Because We Were Different – Part 6

Hey everyone! This is part 6 of my sci-fi serial story! Hope you all enjoy! ~ C.G

Part 6

 Raidon led me into our room. It was actually a pretty nice room compared to my cell or the interrogation room. There was soft cream carpet on the flooring, and two twin beds on the left side of the room, each with a nightstand beside it. On the opposite side, there were two oak desks with nothing but a lamp and an empty paper organizer on it. To the immediate left as I stepped into the room, I noticed a door. “What’s that for?” I asked Raidon. 

   The door clicked shut behind us, as Raidon answered. “That’s our closet, see!” He opened the door, showing a nice row of uniforms on the left side, and a basket to the right on the floor. “That’s for clothes that need to be washed. Oh, and I may want to tell you…” He grew red, and started to laugh nervously. 

  I sighed. What could it possibly be now? “Yes?”

  “Well… I hope you’re not too picky about how things look, because — um —the only reason the closet looks nice right now is because we had a cleaning detail today, and I didn’t want to get in trouble. Usually the closet isn’t so neat… I’m awful at keeping anything clean for long!” He raised his brows then, as if remembering something, and then pointed at the door opposite the closet. “Oh, and that door leads to the bathroom.”

  I nodded, but didn’t answer. I was too worn out to talk, and I decided I’d only speak if I needed to. I had a feeling that if I tried to say anything, it would encourage him to talk more. I sat down on the bed nearest to the door exhaustedly and thought over the mission… the mission that would get Mai her freedom.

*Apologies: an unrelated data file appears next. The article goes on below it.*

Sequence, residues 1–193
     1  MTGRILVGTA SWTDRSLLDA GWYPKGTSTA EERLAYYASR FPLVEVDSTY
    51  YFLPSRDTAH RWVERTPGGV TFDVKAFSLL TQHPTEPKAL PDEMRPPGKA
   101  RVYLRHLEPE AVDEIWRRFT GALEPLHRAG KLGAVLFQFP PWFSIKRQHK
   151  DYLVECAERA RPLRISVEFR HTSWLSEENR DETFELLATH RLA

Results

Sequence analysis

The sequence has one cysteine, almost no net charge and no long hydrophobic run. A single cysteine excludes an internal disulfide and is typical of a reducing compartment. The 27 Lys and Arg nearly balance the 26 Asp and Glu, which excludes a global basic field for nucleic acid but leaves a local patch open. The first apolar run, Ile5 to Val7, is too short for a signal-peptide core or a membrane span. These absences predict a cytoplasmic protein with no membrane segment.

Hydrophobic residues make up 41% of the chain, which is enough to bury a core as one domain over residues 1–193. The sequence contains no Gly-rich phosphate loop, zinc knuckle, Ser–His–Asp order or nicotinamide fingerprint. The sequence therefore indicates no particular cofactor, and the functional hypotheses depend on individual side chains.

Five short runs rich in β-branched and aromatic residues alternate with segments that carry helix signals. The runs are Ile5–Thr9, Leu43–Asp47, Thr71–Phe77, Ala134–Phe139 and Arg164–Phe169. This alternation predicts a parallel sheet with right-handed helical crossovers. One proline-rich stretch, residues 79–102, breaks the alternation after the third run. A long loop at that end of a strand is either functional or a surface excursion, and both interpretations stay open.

I would just have to train real good for a few years, and capture some princess. Three or four years of training is how much Remington said I’d need, and so in only three or four years, and she’d be freed. Then I could somehow plan an escape. If I could figure out—

  “Hey! Hey, you home? Ainslie?” Raidon waved a hand in front of my face. 

  “Huh? What?” I looked up at him, then snapped, “and don’t call me Ainslie! My name is Ainslyn!”

  “Okie doke,” Raidon clasped his hands behind his back, looking nervous at my outburst. “Anyway, you may wanna put on your uniform. Dinner’s at seven sharp, and you don’t have much time to eat usually, unless they wanna fill you up and then order you out on a march. That’s when it gets awful. Oh, and then the push-ups! If you don’t have your uniform in perfect order, then you have to do forty-five push-ups! Then there’s—”

  I groaned, feeling sick to my stomach again. I liked working with my hands and my brain. That was what I was best at. I’d never been interested in sports, especially vigorous ones, and though I reckoned I’d do good at them, I wasn’t too sure. “Don’t — don’t tell me anymore.” I held up a hand, interrupting him.